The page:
CHRIS: OK. Right. Hello, Sandyhaven! How are you today? I’m very fine. Well mostly fine. Actually, I have a bit of a rash on my left ankle that’s starting to worry me a bit. Maybe I should see a doctor? What do you think? I’m not mad keen on doctors myself, what with all the poking and prodding, and the cold hands in sensitive areas, but this rash is really sore, and it’s starting to weep a bit… (PAUSE) How was that?
ALEX: Good! It was really good! Although, it might be better to perhaps rein in some of the personal details.
CHRIS: You see; this is what I’m so worried about.
CHRIS: I’m going to get nervous, and when I get nervous, my mouth starts running off, and then I can’t control what comes out of it, and if we’re really lucky it will just be a string of unstoppable, escalating swear words, but if we’re less lucky, I’ll let everyone know which restaurants I’ve been helping with their deliveries, or what I really thought of my brother’s wedding, or a details of where I’ve left the body. By the way, forget the restaurant thing. It’s all totally above board and thoroughly hygienic.
ALEX: Actually I’m mostly focusing on the body thing. What body?
CHRIS: A purely hypothetical body at this point, but if you’d met my brother’s new wife, you’ll understand that might change at any moment! And that’s why I can’t present! I say bad things when I get nervous!
ALEX: But I don’t understand; why are you nervous now? You’re just here with me. We’re all alone, in my living room.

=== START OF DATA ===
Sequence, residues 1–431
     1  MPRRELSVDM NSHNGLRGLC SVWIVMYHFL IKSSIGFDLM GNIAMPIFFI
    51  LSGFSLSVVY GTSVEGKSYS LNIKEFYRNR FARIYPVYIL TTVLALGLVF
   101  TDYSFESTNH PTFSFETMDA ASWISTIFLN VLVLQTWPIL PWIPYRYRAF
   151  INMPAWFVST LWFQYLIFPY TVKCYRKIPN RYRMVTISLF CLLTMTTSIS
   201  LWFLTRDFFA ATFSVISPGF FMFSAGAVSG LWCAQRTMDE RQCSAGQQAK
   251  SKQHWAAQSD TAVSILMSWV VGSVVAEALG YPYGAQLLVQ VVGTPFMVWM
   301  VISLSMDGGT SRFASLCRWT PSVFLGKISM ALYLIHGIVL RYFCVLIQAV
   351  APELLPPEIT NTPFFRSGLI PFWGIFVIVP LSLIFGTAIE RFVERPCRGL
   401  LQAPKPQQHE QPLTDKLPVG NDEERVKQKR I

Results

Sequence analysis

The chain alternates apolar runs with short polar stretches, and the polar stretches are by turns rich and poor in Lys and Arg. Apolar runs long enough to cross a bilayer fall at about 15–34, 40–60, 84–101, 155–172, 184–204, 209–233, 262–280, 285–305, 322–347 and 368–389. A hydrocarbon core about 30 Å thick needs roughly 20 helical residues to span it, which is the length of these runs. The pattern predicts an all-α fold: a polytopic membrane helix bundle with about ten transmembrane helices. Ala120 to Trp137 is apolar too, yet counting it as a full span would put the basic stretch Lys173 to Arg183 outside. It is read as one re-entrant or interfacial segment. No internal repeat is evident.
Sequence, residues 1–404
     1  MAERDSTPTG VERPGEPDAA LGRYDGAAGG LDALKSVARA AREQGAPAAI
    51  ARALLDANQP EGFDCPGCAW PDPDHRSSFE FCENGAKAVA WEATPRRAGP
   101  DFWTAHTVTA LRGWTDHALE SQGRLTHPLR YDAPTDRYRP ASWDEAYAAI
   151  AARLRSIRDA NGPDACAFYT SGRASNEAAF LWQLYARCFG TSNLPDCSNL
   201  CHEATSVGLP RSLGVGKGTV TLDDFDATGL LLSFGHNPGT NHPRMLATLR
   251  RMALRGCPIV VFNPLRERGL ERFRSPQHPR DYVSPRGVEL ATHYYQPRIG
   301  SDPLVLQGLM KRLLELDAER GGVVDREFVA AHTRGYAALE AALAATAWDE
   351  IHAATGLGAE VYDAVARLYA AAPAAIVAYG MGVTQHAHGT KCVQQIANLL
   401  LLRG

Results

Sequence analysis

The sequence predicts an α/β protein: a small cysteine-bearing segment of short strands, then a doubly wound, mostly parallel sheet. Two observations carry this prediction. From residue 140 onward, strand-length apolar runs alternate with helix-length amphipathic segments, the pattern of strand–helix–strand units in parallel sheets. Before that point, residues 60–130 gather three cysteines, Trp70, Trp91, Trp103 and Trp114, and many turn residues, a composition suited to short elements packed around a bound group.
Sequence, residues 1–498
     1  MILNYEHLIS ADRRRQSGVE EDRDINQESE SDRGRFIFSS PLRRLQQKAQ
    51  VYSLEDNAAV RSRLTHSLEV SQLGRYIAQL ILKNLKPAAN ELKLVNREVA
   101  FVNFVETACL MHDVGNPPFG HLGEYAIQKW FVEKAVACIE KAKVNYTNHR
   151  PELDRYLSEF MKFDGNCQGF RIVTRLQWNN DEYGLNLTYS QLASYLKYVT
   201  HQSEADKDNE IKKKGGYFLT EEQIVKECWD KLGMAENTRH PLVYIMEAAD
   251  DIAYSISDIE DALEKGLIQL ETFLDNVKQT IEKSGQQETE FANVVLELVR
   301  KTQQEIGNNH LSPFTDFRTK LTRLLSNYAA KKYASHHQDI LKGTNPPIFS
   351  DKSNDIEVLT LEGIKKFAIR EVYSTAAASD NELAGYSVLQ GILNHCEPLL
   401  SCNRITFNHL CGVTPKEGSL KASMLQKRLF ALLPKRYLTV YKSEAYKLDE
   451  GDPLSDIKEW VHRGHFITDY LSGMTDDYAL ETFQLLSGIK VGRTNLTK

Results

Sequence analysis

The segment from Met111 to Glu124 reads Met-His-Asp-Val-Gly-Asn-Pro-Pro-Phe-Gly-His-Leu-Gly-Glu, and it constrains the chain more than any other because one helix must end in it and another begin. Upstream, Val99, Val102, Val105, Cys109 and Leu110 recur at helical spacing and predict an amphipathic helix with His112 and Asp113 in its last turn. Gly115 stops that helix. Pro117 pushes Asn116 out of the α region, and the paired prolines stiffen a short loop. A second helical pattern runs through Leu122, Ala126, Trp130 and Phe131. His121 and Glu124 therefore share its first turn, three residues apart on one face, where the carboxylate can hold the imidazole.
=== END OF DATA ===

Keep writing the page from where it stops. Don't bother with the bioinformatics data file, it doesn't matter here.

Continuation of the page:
CHRIS: I’ll get that! I’ll get it right now! Who could it be! Please be someone brilliant! Oh, Shelly! Shelly! Hello! Come in!
SHELLY: All right.
ALEX: Shelly? Why are you here? Shouldn't you be in the studio with Paul?
SHELLY: He said he was better off without me, so I thought I’d pick us up a pizza and come here.
ALEX: And help Chris practise? That’s sweet.
SHELLY: No, I thought I’d ask if I could move in with you.
CHRIS: Where did you get the Pizza from?
CHRIS: OK then; let’s have a slice.
ALEX: So you want to move in with me? What a lovely idea! I’ve never had a room mate before! Oh, that would be brilliant, wouldn’t it? We could do each other’s hair and sit up and gossip and share clothes.
SHELLY: Yeah. Actually, I don’t think I will. No offence to you, Alex, but your flat’s a dump.
ALEX: I like it.
CHRIS: I personally think you’ve made a very good job of it.
ALEX: Thank you, Chris. I try.
SHELLY: You know what it reminds me off? Imagine an underground cell in workhouse or an old prison or something like that, and then imagine that Cath Kidson came to visit and exploded in it.
CHRIS: (SNIGGERS) I’d like to object, but that’s actually really poetic. Good pizza, Shelly.
ALEX: I’ve done my best.
SHELLY: I think you probably have, but you can’t polish poop. Here, Alex. It’s pepperoni.
ALEX: Thanks. Chris, do you want to go again?
SHELLY: Rehearsal? I’ll listen.
CHRIS: Oh I’m sure that’ll help. OK, count me in, Alex.
ALEX: (THROUGH FOOD) On in three, two…
CHRIS: Morning, Sandyhaven. Welcome to today’s session from me, Chris Turnup, where I’ll keep you informed about what’s going on around town, and get you up to date on today’s campaign to save Sandyhaven pier from demolition. Let’s hear from Alex who’s down at the beach with the clean up operation.
ALEX: Oh Chris! That was brilliant! Well done!
SHELLY: Yeah! I thought you’d be well rubbish, but that was all right.
CHRIS: Thank you.
FX: PHONE RINGING
ALEX: Sorry! Hang on… it’s Paul. Give me a second. Hi Paul… yes she’s here with us…. She said you told her to leave… oh… well I’ll mention that to her. Shelly, Paul said he just sent you to pick up his pizza.
SHELLY: I’m not his delivery girl! Besides, he’s getting fat. I don’t get why he’s getting fat when none of us have a wage.